• Two rules I try to live by: Go easy assessing athletes' injuries and go easy assessing their decisions to retire or keep playing. It's a personal decision and we can't possibly know what they're feeling, physically and emotionally. In this case, I agree that the contrast looks curious on the surface. But instead of questioning the mettle of Serena -- who
• Verdasco -- like the
• Yes and no. The ATP is kind of, sort of, not really a players' association. A full-fledged players' association, free and clear of conflict, agitates for better wages and more jobs and improved working conditions. The ATP, however, is equally comprised of tournament directors. And it is the organizing body of a circuit of events. So, whereas the union component likes heightened wages at the Slams, the other components should be concerned. The more the Slams enrich the players, the less essential it makes the Monte Carlos and Bangkoks and Atlantas. At some point it becomes the equivalent of selling your car to pay for gas money.
• "Pretty much impossible," according to an impeccably placed source. Davenport is, however, playing World TeamTennis and plans to attend the Fed Cup final as a supporter.
• I agree, the ATP could use an injection of some personality/controversy, a Rodman to Federer's Jordan, a Shannon Sharpe to Nadal's Elway. (Note to ATP: Can we revive those great player blogs? Make the video from the Monte Carlo players' revue public? Something?) Squarely in his mid-30s, Vince Spadea is, for all intents, retired. With the help of the Mighty Sharko, we learn that Tursunov has been sidelined all year with an ankle injury. He underwent surgery last September and then another operation in February. He's hoping to return in the next few weeks and he's on the list for Roland Garros. He's also planning to play on grass in England in June.
• Wow. Multiple calls in one week. Discuss: Given the heightened mental demands, the increased competition, and the growth of "media training," it's become increasingly difficult to find "characters" in sports, figures whose colorful personality afford them popularity in excess of what their achievements would otherwise dictate.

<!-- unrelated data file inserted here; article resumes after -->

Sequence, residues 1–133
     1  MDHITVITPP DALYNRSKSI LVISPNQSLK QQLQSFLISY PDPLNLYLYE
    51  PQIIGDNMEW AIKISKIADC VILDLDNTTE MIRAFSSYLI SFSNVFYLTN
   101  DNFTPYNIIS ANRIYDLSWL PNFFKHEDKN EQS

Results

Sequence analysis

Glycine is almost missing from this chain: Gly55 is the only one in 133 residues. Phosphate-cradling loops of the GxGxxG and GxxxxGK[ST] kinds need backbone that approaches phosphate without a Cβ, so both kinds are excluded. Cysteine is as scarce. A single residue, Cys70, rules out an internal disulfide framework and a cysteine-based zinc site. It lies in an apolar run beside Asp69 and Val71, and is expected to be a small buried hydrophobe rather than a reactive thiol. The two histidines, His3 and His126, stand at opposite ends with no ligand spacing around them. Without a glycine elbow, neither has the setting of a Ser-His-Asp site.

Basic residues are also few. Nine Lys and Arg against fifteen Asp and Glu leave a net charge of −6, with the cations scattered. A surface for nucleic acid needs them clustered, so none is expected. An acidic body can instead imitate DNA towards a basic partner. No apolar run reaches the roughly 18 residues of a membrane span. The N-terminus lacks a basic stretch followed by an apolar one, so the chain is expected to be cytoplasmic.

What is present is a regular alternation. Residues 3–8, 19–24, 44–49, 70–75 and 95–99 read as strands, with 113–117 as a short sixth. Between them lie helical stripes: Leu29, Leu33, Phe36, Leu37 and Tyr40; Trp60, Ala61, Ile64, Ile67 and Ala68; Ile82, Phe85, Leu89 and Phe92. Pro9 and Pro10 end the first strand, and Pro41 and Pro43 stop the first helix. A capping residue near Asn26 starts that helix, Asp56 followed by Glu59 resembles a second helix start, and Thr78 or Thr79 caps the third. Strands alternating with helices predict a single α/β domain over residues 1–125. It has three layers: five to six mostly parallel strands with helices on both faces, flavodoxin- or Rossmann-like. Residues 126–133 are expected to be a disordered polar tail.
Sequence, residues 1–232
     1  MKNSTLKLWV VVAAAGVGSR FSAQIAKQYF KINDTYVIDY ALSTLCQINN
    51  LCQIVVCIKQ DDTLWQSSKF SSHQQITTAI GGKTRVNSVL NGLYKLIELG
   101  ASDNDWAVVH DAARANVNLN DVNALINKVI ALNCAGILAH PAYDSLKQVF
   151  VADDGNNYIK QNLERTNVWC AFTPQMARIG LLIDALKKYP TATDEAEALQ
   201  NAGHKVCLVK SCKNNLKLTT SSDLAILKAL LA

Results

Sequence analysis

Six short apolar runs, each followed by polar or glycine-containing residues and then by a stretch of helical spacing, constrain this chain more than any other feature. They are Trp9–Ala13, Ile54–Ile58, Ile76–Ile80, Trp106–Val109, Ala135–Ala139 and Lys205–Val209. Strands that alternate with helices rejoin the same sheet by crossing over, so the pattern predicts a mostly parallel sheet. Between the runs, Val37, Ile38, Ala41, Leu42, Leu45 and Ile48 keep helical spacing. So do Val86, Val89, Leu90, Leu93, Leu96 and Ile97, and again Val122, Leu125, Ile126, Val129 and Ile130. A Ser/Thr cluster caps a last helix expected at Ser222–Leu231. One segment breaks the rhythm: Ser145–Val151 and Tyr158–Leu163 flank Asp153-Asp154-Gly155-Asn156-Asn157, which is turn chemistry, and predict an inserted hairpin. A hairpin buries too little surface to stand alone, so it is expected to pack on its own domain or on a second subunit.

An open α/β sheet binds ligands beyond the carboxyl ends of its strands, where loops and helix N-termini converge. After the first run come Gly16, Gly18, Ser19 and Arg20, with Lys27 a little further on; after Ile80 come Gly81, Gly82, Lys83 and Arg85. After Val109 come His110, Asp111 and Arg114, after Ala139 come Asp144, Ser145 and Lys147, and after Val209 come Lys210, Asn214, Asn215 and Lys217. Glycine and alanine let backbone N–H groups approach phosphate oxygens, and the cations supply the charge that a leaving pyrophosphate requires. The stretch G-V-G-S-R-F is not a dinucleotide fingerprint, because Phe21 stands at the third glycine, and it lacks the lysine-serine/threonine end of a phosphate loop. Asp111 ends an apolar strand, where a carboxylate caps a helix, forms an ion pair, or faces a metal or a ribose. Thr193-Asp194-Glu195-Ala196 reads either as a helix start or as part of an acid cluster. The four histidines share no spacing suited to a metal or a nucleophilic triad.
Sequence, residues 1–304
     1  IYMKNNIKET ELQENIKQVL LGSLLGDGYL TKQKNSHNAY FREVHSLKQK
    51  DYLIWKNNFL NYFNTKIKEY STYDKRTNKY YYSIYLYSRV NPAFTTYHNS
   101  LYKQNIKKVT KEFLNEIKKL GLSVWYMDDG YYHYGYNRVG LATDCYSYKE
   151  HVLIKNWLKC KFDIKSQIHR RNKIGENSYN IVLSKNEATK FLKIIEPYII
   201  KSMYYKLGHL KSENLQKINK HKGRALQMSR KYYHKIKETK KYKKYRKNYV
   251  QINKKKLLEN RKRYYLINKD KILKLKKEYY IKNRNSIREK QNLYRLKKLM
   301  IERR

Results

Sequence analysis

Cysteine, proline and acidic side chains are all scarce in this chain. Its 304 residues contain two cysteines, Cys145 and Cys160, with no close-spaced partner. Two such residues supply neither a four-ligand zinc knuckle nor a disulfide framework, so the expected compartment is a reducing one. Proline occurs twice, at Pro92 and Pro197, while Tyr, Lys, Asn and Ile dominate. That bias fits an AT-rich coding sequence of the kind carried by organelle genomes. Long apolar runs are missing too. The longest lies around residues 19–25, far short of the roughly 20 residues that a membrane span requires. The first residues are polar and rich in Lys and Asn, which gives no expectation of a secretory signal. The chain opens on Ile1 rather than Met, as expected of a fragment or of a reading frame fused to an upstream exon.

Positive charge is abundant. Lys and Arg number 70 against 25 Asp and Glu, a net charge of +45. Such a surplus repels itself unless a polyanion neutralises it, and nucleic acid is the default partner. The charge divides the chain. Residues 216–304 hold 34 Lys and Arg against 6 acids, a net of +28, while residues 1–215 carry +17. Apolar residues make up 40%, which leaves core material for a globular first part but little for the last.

• Absolutely agree. In the course of a sporting event, there are countless judgment calls, chances for officials to make error or express bias that can affect outcomes. Here, we have flagrant violations -- as anyone with a second hand in their wristwatch can confirm -- and we have the technology to get it right. Why aren't we putting those wires together? Shot clock would a) ensure that rules were being followed which is most important b) speed up play and spare us the catheter-inducing delays, which counts for something in this day and age (baseball fans, see:
On a related note, I'm starting to come around to
• I think this is part of the problem. It seems as though the tours have some data sets but not others, the folks at IBM have some but not others. Often the chair umpire's data, recorded in that handheld device, can be stored, but that covers only a narrow range of categories. Granted tennis has bigger issues right now. Television and sponsorship would rank slightly higher than data-gathering on any executive's priority list. Still, it would be great if the various organizations could come together, commit some funds and vow to improve (and standardize) in this area. On the other hand....
• Congrats! You're the first person from the Eastern Time Zone whose initials form consecutive letters to make that point!
If we're talking about tennis books fan should know about, you may as well go ahead and put your book on Federer and Nadal,
• Hey thanks, Mom. We kid. Seriously, thanks. Other recommendations that came in last week:
I lost the website address of that wonderful tennis site you shared with us a few years ago that lists all the daily articles on tennis. Something like congro? ... conegro? ... It's long and hard to remember. Could you share that one more time?
• I must be brain cramping here. If any of you know what David is referring to, pass it on.
• That seems to be the consensus among you guys. Fair enough. Were I advising the sisters, I'd simply tell them to follow the Roddick blueprint and be up front about their intentions. Why not simply say: "Fed Cup is not a priority this year. We would, however, like do enough to remain eligible for the Olympics." The broken promises -- that, you're right, put the captain in an awkward position -- seems to be the source of the displeasure.
A statistic from this year's Monte Carlo Masters that could have been easily overlooked. Novak Djokovic was seeded number one in the field, marking the first time since Rome in 2005 that the No. 1 seed at a Masters event was not held by either Federer or Nadal. Just another example of how dominant these two have been. To be fair, neither played at Hamburg in 2006, but because of their late withdrawals, there was no number 1 (or 2) seed at that event.
• Sam Stosur's agent should be reading this.
• The good folks at
• An anonymous reader noted the we might mocked Nadal's shorts, but check out the duds on
• Federation Cup is no more. Officially changed its name to Fed Cup in 1995 when it went to the home-away format and best-of-five matches.
• Here's a
• Calling all
• Helen of Philadelphia makes a long lost siblings repeat:
HAVE A GREAT WEEK, EVERYONE!